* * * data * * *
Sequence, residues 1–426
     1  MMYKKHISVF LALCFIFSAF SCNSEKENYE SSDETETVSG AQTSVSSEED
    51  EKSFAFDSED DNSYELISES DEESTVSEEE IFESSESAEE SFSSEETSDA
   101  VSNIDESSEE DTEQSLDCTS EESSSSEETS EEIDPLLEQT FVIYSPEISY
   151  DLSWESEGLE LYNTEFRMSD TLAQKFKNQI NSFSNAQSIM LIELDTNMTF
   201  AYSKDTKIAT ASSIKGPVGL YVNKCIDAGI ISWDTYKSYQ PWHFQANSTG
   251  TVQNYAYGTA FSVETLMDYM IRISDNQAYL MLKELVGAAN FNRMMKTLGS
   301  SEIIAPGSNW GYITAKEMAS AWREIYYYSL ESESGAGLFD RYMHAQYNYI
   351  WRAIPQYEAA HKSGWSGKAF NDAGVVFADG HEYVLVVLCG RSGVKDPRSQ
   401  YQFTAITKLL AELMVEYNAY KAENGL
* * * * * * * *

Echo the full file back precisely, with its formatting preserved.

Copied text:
Sequence, residues 1–426
     1  MMYKKHISVF LALCFIFSAF SCNSEKENYE SSDETETVSG AQTSVSSEED
    51  EKSFAFDSED DNSYELISES DEESTVSEEE IFESSESAEE SFSSEETSDA
   101  VSNIDESSEE DTEQSLDCTS EESSSSEETS EEIDPLLEQT FVIYSPEISY
   151  DLSWESEGLE LYNTEFRMSD TLAQKFKNQI NSFSNAQSIM LIELDTNMTF
   201  AYSKDTKIAT ASSIKGPVGL YVNKCIDAGI ISWDTYKSYQ PWHFQANSTG
   251  TVQNYAYGTA FSVETLMDYM IRISDNQAYL MLKELVGAAN FNRMMKTLGS
   301  SEIIAPGSNW GYITAKEMAS AWREIYYYSL ESESGAGLFD RYMHAQYNYI
   351  WRAIPQYEAA HKSGWSGKAF NDAGVVFADG HEYVLVVLCG RSGVKDPRSQ
   401  YQFTAITKLL AELMVEYNAY KAENGL